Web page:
Press Releases : 2009/02


2009/02/25

'Nasreen Mohamedi: Notes – Reflections on Indian Modernism (Part 1)'

Nasreen Mohamedi, unititled, Courtesy of the Glenbarra Art Museum Collecttion, Japan

Norsk versjon

'NASREEN MOHAMEDI: NOTES – REFLECTIONS ON INDIAN MODERNISM (PART 1)'
OFFICE FOR CONTEMPORARY ART NORWAY
GUEST CURATORS: SUMAN GOPINATH AND GRANT WATSON
6 MARCH – 20 JUNE 2009
OPENING HOURS: WEDNESDAY, FRIDAY AND SATURDAY FROM 12:00 TO 16:00 / THURSDAY 12:00 TO 19:00

Press Preview: 5 March 14:00 – 16:00
Public Opening: 5 March 18:00 – 20.00

Public Programme
Saturday, 7 March / 14:00 – 17:00: 'Nasreen Mohamedi: The Legacy of Indian Abstraction'
Friday, 6 March / 19:00 – 21:00: 'Form, Politics, Spectatorship: documenta 12 as a Case Study

The Office for Contemporary Art Norway (OCA) is proud to announce the first solo exhibition in Europe of Nasreen Mohamedi, as part of a wider programme tracing alternative modernisms. Mohamedi (1937–1990) is regarded as one of the most important Indian artists of her generation, and her paintings, drawings and photographs, produced from the early 1960s to the late 1980s, constitute a key body of work within the modernist canon.

Mohamedi studied in London and Paris during the late 1950s and early 60s, and returned to India to teach at the Faculty of Fine Arts, MS University in Baroda. In India, her austere, small-scale drawings and use of minor gestures contrasted with the figurative narrative works produced by many of her contemporaries. In art-historical terms, Mohamedi's practice can be seen in relation to an earlier generation of Indian abstract artists such as V.S. Gaitonde, and from an international perspective to works on paper by Agnes Martin or, through its invocation of utopian abstraction, to Kazimir Malevich and the Suprematists. While her drawings from the late 1970s onwards tend toward the resolutely abstract, they intimate cultural references which become explicit in her photographs – in which historical architecture suggests an aesthetic link to both modernisation and an Islamic heritage. In Mohamedi's diaries, made over a period of thirty years, textual and graphic interventions also attest to the close links between her inner life and her practice as an artist.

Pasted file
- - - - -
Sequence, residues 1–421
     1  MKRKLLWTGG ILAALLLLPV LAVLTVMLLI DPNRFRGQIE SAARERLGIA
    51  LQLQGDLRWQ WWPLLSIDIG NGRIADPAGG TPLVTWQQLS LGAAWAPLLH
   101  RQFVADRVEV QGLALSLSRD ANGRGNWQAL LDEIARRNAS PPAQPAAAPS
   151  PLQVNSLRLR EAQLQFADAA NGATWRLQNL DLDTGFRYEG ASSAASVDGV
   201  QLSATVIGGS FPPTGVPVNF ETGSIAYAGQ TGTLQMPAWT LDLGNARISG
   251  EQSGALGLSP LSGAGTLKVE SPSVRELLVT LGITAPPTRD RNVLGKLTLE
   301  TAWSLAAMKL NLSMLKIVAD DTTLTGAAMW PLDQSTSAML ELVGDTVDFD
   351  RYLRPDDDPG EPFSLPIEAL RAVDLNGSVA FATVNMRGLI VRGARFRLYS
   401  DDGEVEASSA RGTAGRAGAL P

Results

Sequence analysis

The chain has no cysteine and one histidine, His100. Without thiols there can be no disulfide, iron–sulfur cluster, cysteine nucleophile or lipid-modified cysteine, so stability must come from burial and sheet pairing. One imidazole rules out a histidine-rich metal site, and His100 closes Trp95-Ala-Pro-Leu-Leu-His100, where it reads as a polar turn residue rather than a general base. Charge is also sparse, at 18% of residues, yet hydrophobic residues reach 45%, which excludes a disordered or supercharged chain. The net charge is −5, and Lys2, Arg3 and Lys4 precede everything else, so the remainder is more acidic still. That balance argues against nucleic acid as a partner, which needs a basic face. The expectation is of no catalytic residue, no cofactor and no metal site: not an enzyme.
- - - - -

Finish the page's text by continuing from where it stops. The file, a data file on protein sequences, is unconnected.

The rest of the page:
This exhibition, curated by Suman Gopinath and Grant Watson, will bring together for the first time Mohamedi's rarely seen drawings, paintings and photographs with unique archival material from her studio, and provide the occasion to further position her practice both within the history of Indian art and in relation to an international avant-garde. Previous exhibitions of her work include the Third Indian Triennale (New Delhi, India, 1975), Jehangir Art Gallery (Mumbai, India, 1991), 'Drawing Space: Contemporary Indian Drawing', inIVA (London, UK, 2000), 'Nasreen Mohamedi: Lines among Lines', The Drawing Center (New York, USA, 2005), documenta 12 (Kassel, Germany, 2007) and 'Nasreen Mohamedi: The Grid Unplugged', Talwar Gallery (New York, 2008). The exhibition includes important loans from the Sikander family, Mumbay, India, the Glenbarra Art Museum Collection, Japan, and Chemould Prescott Road, Mumbai, India.

'Nasreen Mohamedi: Notes – Reflections on Indian Modernism (Part 1)' is part of 'Reflections on Indian Modernism', a comprehensive programme of public projects and residencies organised by Gopinath and Watson for OCA and CoLab Art & Architecture, Bangalore, India. This programme aims to revisit recent Indian art history, recuperating legacies of avant-garde practice and archiving lesser-known bodies of work that slip between genres and schools. The collaboration also comprises a residency programme for Norwegian artists at CoLab. The first of these residencies involved the participation of Lene Berg in the round-table discussion in New Dehli.